**Important EPA Changes**

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| | September 27, 2021


Important Judicial Win for Clean Water in the Ozarks and Beyond

The decades-long legal tug of war over the scope of what waters are protected by the federal Clean Water Act saw science and clean water recently score a big win. And while this particular court decision dealt with streams in New Mexico, it will directly help protect the water quality in the streams and rivers of the White River watershed. 

WHAT HAPPENED:  On August 30, 2021, Judge Rosemary Marquez of the U.S. District Court for the District of Arizona ruled that the so-called “Navigable Waters Protection Rule” (NWPR) of 2020 was too flawed to continue to be used by the EPA. Her ruling means that this rule can no longer be used by the Environmental Protection Agency (EPA) and U.S. Army Corps of Engineers to define “waters of the U.S.” under the Clean Water Act and that it needs to be replaced with a new rule. The EPA responded on September 3 by saying that it would immediately stop using the NWPR to determine what streams and wetlands are protected by the Clean Water Act and would proceed with the process of developing a new rule. This ruling is being applied nationally but this could be appealed. 

WHY:  Judge Marquez indicated that the NWPR contains significant and unresolvable substantive flaws that would result in continuing and irreparable harm to the nation’s water quality if the rule was not rescinded. Critical to her decision, she stated that the 2020 rule ignored the voluminous amount of science that clearly demonstrates the cumulative impact of smaller streams and wetlands on the water quality of larger rivers and lakes. Illustrating the negative impacts of the NWPR, between June 22, 2020 and April 15, 2021, using the 2020 rule as its guide, the Corps made 40,211 decisions about whether a water was protected by the Clean Water Act or not, and 76% were determined to not be protected by the act.      

WHAT IT MEANS FOR PROTECTING WATER QUALITY:  The importance of this decision to streams, wetlands and water quality across the U.S. stems from the fact that the NWPR explicitly removed Clean Water Act protections from all “ephemeral waters,” many “intermittent streams,” and about half the nation’s wetlands. This was a huge departure from the previous 50 years of Clean Water Act administration and disregarded the plain fact that pollution of the smallest streams eventually reaches navigable rivers and degrades their water quality. Judge Marquez’s decision to rescind the NWPR means that the EPA and Corps will immediately revert to using pre-2015 criteria for jurisdictional waters that were developed in response to the most recent Supreme Court decision concerning “waters of the U.S.” and protects all waters with a significant connection to navigable waters.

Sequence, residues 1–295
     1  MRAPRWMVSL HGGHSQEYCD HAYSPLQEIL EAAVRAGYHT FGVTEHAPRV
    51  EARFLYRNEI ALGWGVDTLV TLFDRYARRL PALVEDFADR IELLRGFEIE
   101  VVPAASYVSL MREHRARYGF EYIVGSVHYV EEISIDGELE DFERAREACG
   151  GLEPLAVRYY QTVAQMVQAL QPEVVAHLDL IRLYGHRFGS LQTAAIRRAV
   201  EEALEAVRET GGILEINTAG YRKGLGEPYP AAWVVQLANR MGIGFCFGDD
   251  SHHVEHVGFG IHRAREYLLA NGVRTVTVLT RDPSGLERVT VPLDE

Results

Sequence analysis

IMPORTANCE TO THE WHITE RIVER:    The importance of this decision to the water quality of the White River and streams in our watershed is evident in one important fact:  Of the 122,312 miles of linear streams in Arkansas, 74 percent (90,032 miles) are intermittent or ephemeral. This means that under the 2020 NWPR, the vast majority of Ozark streams were no longer being protected by the Clean Water Act. This court decision means that the protections provided by the Clean Water Act to many of those streams will now be restored.

As an example, I enjoy hiking along a tiny stream named Sneed Creek that crosses Push Mountain Road south of Mountain Home and flows directly into the White River. While in the spring there is significant flow after rains and there are some very nice waterfalls to be enjoyed, much of the streambed is dry for most of the year except after a rain. I am sure that all Friends’ members have similar small streams that come to mind. Under the NWPR and a lack of Clean Water Act protections, these stream beds and the water in them were under constant threat of being degraded. With Judge Marquez’s court decision, many of these waters will once again be protected by the Clean Water Act. Importantly, the protection of all these tiny streams means that the quality of the water in the White River, the geographic, environmental, and economic heart of our region, will also be protected.